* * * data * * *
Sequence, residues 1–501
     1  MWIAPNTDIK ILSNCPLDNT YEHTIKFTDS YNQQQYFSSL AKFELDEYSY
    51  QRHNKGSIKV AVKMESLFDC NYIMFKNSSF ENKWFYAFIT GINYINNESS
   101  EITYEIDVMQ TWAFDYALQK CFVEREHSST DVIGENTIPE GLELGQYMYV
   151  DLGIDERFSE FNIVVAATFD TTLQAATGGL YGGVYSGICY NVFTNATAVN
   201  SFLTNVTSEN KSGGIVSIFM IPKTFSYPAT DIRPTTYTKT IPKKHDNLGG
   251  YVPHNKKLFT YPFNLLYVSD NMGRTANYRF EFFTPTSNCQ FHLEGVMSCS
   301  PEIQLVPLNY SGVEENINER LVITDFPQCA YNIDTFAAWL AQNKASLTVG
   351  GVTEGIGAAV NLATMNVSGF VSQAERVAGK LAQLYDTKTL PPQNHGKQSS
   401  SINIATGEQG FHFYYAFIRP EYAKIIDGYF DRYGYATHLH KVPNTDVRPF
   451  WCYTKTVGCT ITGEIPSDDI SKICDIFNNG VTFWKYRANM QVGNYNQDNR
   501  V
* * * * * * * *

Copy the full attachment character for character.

Sequence, residues 1–501
     1  MWIAPNTDIK ILSNCPLDNT YEHTIKFTDS YNQQQYFSSL AKFELDEYSY
    51  QRHNKGSIKV AVKMESLFDC NYIMFKNSSF ENKWFYAFIT GINYINNESS
   101  EITYEIDVMQ TWAFDYALQK CFVEREHSST DVIGENTIPE GLELGQYMYV
   151  DLGIDERFSE FNIVVAATFD TTLQAATGGL YGGVYSGICY NVFTNATAVN
   201  SFLTNVTSEN KSGGIVSIFM IPKTFSYPAT DIRPTTYTKT IPKKHDNLGG
   251  YVPHNKKLFT YPFNLLYVSD NMGRTANYRF EFFTPTSNCQ FHLEGVMSCS
   301  PEIQLVPLNY SGVEENINER LVITDFPQCA YNIDTFAAWL AQNKASLTVG
   351  GVTEGIGAAV NLATMNVSGF VSQAERVAGK LAQLYDTKTL PPQNHGKQSS
   401  SINIATGEQG FHFYYAFIRP EYAKIIDGYF DRYGYATHLH KVPNTDVRPF
   451  WCYTKTVGCT ITGEIPSDDI SKICDIFNNG VTFWKYRANM QVGNYNQDNR
   501  V